Jun 15, 2010

The Great Food Dilemma

This is a rather odd post to be posting, but why not?

I've been a gluten-free vegetarian for the past month and a half, and at times it's gone great and at others I've felt like screaming, "what's the point?" The truth is, when I eat meat, I feel sort of heavy and weighed down, and after a schlep to a local farm, I decided to respect the food and my body and go vegetarian. The gluten free adventure started after someone suggested that I consider the diet in order to aid in the healing of a discombobulated stomach that perpetually gives me aches and pains.

So here I am, a month and a half later, and I'm not sure whether to continue forth. The first few weeks of the gluten free diet, I was feeling better and my stomach wasn't as grumpy with me. Then the wedding came, and stress destroyed any progress made. Now, I'm just unsure if it's doing anything. The vegetarianism is something that's a lot easier to carry on with, except for the fact that my husband is a meatatarian and I grow weary of making two main courses for every meal so I have something to eat.

The worst part about being both Gluten Free and Vegetarian, however, is Shabbat. At my own house, I can manage a delicious meal that gives me something to eat with both constraints in mind, but it's the eating out that gets me. At one recent Shabbat meal, I was able to eat the gefilte, the typical salad with some dressing, green beans, and potato kugel. There was a delicious-looking oreo dessert cake, chicken, a kugel with some corn flake topping, and more, but there I was, unable to explore any of them.

The upside to being Gluten Free and Vegetarian is that I probably eat a lot healthier, considering I can't eat a lot of the processed foods out there that contain boatloads of junk that people shouldn't be eating. I just can't figure out whether it's worth it for me to tell people who invite me over that I'm BOTH GF and Veg. Wouldn't it be easier on my future hosts to just throw one restriction at them? I mean, I can offer to bake and bring something that's me-friendly, but some people just aren't comfortable with that, especially when you're new in a neighborhood and people don't know what your kashrut standards are like.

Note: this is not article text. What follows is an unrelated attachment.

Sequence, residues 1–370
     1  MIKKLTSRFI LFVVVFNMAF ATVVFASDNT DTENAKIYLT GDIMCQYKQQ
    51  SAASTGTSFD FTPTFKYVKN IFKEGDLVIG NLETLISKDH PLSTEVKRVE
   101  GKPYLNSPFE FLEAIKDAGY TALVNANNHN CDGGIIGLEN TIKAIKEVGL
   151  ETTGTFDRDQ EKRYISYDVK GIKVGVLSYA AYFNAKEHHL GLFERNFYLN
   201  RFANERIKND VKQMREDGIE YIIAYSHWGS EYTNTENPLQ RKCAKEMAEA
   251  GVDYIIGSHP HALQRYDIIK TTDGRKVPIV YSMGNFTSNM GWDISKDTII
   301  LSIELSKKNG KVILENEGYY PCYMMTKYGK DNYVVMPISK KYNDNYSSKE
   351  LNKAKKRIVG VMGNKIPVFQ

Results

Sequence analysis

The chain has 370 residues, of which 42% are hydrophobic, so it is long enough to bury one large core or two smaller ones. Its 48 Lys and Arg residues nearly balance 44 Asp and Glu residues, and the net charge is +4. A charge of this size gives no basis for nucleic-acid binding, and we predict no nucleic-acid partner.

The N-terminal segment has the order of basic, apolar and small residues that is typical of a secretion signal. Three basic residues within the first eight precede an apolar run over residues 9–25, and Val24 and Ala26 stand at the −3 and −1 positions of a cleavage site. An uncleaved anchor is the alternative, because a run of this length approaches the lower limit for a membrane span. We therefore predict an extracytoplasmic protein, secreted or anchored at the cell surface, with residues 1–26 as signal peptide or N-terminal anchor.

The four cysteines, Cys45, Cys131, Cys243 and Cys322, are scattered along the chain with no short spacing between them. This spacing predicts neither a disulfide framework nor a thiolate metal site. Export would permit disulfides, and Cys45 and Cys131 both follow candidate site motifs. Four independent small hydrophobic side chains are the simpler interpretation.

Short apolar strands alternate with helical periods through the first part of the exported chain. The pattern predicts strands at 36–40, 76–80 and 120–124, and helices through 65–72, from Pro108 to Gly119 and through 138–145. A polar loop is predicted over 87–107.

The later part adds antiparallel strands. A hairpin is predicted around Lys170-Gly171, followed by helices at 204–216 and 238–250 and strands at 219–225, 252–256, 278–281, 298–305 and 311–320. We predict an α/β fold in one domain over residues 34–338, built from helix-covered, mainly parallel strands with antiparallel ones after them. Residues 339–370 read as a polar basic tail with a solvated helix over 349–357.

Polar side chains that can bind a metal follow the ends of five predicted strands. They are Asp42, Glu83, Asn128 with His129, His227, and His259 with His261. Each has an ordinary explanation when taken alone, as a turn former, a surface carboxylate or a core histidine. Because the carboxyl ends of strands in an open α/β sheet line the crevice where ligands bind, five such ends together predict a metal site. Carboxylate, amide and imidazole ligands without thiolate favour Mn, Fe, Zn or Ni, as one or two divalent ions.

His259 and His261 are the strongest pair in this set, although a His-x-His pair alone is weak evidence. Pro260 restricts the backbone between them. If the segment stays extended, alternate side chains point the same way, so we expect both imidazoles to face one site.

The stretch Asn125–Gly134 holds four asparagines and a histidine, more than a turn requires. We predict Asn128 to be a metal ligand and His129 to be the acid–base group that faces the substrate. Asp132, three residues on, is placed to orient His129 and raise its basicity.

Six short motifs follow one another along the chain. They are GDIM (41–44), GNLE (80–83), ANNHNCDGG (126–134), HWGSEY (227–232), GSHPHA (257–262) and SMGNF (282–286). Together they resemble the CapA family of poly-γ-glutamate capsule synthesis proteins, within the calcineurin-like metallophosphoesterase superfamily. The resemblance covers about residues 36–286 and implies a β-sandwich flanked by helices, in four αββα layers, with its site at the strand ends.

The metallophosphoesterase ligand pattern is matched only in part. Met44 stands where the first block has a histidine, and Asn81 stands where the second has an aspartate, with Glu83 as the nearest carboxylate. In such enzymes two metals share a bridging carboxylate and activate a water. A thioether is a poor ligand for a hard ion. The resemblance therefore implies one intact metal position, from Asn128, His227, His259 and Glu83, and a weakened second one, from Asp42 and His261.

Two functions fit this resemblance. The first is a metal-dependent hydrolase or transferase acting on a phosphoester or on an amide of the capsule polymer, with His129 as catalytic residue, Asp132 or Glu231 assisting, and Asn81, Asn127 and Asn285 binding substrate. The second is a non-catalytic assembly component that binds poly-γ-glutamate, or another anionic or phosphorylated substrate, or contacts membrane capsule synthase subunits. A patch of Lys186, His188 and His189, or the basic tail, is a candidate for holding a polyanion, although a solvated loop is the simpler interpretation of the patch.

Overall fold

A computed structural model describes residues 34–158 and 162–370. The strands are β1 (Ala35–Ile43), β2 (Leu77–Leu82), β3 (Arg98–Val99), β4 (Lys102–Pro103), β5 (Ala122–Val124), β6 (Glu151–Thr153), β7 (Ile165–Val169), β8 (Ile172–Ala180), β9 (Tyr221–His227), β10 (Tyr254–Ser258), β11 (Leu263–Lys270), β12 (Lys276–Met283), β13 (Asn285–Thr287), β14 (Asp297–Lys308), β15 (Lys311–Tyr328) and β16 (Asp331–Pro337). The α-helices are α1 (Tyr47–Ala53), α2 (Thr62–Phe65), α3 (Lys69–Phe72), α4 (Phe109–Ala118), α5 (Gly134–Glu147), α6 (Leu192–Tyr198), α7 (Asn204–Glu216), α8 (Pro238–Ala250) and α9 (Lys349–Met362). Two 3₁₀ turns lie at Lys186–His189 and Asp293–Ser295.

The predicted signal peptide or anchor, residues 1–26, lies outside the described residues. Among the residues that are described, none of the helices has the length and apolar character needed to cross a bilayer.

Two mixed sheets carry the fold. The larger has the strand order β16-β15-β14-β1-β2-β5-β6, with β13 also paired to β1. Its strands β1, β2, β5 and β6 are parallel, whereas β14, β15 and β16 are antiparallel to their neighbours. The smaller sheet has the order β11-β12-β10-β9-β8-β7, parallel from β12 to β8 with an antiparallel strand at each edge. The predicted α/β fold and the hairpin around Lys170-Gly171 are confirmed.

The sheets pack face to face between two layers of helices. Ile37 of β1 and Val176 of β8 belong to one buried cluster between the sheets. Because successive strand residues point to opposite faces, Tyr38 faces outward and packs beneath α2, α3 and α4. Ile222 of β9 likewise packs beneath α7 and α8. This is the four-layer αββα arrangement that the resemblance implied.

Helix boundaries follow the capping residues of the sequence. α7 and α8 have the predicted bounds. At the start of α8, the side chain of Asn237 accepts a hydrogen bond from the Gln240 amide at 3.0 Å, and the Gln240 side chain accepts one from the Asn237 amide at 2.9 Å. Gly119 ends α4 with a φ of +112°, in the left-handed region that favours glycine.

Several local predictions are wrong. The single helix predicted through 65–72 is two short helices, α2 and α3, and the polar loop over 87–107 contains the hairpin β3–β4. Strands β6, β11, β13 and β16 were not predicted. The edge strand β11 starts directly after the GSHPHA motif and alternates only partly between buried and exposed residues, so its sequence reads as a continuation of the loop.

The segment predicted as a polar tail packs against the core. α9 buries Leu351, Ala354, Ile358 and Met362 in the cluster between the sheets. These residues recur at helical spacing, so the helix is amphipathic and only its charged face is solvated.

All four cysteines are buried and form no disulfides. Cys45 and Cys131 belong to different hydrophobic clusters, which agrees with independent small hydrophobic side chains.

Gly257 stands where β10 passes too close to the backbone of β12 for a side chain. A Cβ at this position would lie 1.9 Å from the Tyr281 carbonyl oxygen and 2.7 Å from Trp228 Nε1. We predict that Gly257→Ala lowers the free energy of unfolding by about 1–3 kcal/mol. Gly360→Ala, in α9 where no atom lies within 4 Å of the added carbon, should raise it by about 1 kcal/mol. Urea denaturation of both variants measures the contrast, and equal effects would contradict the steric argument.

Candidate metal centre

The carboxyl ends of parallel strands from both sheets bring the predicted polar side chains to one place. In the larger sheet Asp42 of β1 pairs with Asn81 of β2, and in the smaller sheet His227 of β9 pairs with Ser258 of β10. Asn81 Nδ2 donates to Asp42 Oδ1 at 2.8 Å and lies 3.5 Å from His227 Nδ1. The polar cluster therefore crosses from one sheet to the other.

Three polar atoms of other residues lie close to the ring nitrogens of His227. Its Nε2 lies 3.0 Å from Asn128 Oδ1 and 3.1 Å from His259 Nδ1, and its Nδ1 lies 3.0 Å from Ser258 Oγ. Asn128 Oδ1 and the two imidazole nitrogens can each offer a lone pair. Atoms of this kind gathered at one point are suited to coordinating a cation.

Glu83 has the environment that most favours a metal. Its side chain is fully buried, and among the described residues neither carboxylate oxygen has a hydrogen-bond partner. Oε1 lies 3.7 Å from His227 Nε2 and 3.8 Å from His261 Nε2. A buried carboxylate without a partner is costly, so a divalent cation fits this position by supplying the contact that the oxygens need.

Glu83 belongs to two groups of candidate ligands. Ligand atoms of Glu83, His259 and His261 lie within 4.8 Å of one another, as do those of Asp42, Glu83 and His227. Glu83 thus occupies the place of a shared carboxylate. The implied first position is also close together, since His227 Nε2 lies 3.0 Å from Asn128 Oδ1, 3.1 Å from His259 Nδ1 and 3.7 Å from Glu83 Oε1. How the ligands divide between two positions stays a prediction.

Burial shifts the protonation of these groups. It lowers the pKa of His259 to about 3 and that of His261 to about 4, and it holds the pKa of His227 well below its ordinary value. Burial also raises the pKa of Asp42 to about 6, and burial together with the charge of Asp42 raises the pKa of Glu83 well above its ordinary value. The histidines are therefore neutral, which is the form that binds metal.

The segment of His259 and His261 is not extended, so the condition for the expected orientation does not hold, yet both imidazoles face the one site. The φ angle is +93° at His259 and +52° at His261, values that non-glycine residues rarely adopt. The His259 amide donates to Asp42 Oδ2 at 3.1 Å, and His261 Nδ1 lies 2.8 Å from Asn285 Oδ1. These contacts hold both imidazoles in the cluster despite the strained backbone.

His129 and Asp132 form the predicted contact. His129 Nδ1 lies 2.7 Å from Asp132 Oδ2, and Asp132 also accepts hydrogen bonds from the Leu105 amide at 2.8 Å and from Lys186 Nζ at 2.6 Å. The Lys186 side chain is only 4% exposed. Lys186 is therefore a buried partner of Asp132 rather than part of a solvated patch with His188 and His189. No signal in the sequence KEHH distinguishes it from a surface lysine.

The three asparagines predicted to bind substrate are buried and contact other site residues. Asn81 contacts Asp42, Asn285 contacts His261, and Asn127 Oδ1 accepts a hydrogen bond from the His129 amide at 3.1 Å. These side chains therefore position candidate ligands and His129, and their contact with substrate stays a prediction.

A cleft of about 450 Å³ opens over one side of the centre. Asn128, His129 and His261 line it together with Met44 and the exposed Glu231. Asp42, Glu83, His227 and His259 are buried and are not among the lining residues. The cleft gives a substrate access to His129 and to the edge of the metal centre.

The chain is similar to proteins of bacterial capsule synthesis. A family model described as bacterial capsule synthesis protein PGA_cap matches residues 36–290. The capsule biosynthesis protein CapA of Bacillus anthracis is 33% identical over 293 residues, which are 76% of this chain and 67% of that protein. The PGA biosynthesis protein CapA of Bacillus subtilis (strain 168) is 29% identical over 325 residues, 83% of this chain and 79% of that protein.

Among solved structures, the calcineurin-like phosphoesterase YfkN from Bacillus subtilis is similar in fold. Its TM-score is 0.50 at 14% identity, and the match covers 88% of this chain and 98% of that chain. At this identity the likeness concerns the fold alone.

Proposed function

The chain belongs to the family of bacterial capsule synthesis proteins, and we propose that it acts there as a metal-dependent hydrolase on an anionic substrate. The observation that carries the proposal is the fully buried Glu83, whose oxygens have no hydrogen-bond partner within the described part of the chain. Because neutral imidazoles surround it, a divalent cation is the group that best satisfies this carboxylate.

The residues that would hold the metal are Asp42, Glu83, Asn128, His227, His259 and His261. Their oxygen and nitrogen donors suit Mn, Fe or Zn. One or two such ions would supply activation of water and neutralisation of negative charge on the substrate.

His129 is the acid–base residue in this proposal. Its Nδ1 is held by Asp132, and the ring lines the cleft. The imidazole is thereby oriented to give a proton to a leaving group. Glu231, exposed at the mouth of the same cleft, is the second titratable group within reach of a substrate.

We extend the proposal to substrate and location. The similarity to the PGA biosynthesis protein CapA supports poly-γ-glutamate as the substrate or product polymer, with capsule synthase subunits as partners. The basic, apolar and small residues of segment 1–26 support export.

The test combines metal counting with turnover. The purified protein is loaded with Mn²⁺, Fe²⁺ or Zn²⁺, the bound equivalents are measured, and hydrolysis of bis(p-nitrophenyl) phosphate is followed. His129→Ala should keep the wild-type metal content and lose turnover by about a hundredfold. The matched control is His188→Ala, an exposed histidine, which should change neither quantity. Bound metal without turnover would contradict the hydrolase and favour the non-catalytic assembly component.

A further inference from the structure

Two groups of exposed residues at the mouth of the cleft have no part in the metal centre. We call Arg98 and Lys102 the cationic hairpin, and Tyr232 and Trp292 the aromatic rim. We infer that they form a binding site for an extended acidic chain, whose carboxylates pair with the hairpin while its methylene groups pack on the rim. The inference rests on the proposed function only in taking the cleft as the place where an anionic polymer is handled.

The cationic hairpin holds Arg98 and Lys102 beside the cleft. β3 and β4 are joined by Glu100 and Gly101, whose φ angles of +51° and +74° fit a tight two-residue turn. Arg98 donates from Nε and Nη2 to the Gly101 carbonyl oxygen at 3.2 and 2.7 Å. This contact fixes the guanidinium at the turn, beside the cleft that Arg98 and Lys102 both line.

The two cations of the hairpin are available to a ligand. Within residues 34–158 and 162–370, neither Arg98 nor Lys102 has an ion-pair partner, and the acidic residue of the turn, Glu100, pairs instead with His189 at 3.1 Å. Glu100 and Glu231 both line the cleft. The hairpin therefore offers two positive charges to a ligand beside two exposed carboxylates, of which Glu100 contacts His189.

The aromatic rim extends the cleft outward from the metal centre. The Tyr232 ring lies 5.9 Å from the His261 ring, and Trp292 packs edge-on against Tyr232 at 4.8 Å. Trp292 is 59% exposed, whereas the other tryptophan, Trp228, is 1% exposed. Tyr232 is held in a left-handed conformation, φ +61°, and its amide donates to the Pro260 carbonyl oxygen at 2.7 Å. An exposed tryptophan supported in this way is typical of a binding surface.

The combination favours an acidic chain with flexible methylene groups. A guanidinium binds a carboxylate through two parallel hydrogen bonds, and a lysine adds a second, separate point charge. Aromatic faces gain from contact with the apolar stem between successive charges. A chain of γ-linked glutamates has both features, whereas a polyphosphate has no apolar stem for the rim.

Sigh. Food. I've always had a horrible, incompatible relationship with food. It just seems to get worse as I get older. It would be easier if I were cooking for one, but that's not my life now! So I suppose it's time to buck up and deal with it.

On another note: For those of you interested in Gluten Free food, I'm hosting a giveaway over on my Gluten-Free Kosher Critic blog of Cheddar Cheese Fries (just go look!).

10 comments:

Melissa_O said...

We have been veggie for a little more than a month, I think. It was the compromise to let us have a kosher home. It was just the easiest solution. Because of some surgery, our house has also been an incredibly low carb house, which is a little bit different than GF, but also poses the same problems re: challah and potato kugel, etc.

Food.is.hard. I hate it. It is such a struggle.

I hope you can come to a resolution that works for you and your body, and of course the new hubby :)

Pesky Settler said...

There may be matzah meal in the gefilte fish...

Anonymous said...

Mokumalef says:

IMHO, a good host(ess) should always inquire from his/her prospective guests whether there are any allergies flying around, or even some really strong dislikes or other restrictions.

Anonymous said...

Tell people your dietary needs. Offer them resources on vegetarian and GF cooking if they express any confusion about how to feed you, and have a couple of easy (preferably parve) recipes up your sleeve to suggest. I'm a vegetarian and have a lot of dietary restrictions on top of that, and this is what I do. It really is possible to eat at other people's houses. People who actually care will find you something to eat. I've fed Ashkenazi vegans during Pesach. Anything is possible, I promise.